The people who participated in clinical trials and paved the way for cystic fibrosis care are the true heroes.
We will never know the struggles they faced. The same goes for the generation of CFers who will come after us. And so on and so forth.
Medication constantly evolves, and new therapies are always on the horizon. But what does that take?
We know that it takes brilliant, scientific minds and lots of funding to create new drugs and therapies. But oftentimes, amidst the excitement of new scientific discoveries, we forget the most important factor in drug development. The secret ingredient that makes it all possible … people with CF.
As a person who grew up fairly healthy and “normal” on the outside, I was never desperate enough to jump into testing for potential new CF therapies or drugs. I didn't start doing airway clearance until I was almost a teenager, and I never touched an inhaler until I was in high school. My lung function stayed a consistent FEV1 of 88-91 percent most of my childhood and teenage years. I was fortunate to stay out of the hospital and off IV therapy until my late teens or early 20s.
In my adolescent years, I often gave samples of my DNA to researchers and earned a Starbucks gift card or two here and there. It was easy, and I was at least doing a little something on my part to advance cystic fibrosis therapy and research without committing to using my body.
But as I've gotten older, my CF has caught up with me. When I was in my late teens, my lung function started to decline, and I started to acknowledge the disappointing truth that my cystic fibrosis was rearing its ugly head. I had lower energy, lower lung function, more frequent hospitalizations, and more side effects … My therapy routine started to take more time, my pill intake drastically increased, and I was seeing or communicating with my doctor more than I cared to.
When I was 23 years old, my doctor saw how hard I was working on my health -- doing stronger and more frequent therapies -- and asked if I would be interested in a clinical trial that he would be overseeing for a new CF medication. I can remember saying, “YES!” without even considering what that actually meant or entailed. I was just so excited that I could try something new to help improve my lung function. My heart sank as I realized that I didn't know what I was committing to.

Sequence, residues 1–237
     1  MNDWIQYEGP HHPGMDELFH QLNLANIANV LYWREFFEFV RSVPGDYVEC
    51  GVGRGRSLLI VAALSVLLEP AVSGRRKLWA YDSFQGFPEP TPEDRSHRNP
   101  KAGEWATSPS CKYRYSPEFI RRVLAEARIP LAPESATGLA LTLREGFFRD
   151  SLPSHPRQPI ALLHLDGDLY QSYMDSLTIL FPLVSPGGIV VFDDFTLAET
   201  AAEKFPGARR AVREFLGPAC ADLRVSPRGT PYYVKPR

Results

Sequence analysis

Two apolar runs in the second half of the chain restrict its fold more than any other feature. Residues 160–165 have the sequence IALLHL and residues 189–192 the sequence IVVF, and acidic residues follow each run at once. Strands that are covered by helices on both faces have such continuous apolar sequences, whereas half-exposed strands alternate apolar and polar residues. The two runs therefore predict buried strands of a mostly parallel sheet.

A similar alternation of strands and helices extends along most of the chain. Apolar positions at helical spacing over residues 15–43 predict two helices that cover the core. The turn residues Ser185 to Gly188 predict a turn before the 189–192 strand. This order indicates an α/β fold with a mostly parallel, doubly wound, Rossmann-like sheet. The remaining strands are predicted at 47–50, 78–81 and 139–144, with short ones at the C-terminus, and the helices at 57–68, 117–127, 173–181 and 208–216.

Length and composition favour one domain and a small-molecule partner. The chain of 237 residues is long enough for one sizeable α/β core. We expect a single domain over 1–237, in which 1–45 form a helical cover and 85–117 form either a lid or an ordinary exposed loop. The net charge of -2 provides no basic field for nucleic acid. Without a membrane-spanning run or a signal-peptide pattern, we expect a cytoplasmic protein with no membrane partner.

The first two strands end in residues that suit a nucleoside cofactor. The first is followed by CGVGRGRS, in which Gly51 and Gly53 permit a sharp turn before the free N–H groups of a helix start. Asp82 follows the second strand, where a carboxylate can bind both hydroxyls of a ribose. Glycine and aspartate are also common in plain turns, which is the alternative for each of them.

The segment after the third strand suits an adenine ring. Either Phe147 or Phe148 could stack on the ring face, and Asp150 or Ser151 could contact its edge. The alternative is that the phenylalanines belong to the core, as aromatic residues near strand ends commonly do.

Then came the intimidating information. I would be taking something that had been tested only in labs, and in some cases, healthy volunteers. And that freaked me out. Questions rushed into mind as my doctor sat down to explain the regulations and requirements for the clinical trial. What if it makes me worse? What if I grow an extra arm? What if I do something wrong to mess it up?
My family and I were hesitant. It's one thing to give samples of your DNA, but to commit your entire body for a drug in testing, that's an entirely different ballgame.
But after talking to my doctor, I made up my mind. If this is what I can contribute to the care of myself and the thousands of other CFers who are also suffering … if this is what I've been raising money for my whole life…if this is an option for me right now, then there was no question I would participate.
Clinical trials have such a stigma attached to them. There is a level of fear (and rightfully so) that creeps into your mind. But with that fear also comes a sense of pride and duty to the cystic fibrosis community. The thought that I've clung to throughout my experience with the clinical trial has been, “If not me, who?” I push past the fear of what could happen to me and cling to what this could do for the cystic fibrosis community.
I am a believer in clinical trials. I would encourage patient participation when the opportunities present themselves. My doctor wouldn't ask me to participate in a trial if he thought my health would suffer. I'm thankful for the opportunity that my doctor has given me, and I am even more thankful for the willingness and time dedicated to helping CF stand for “cure found.”
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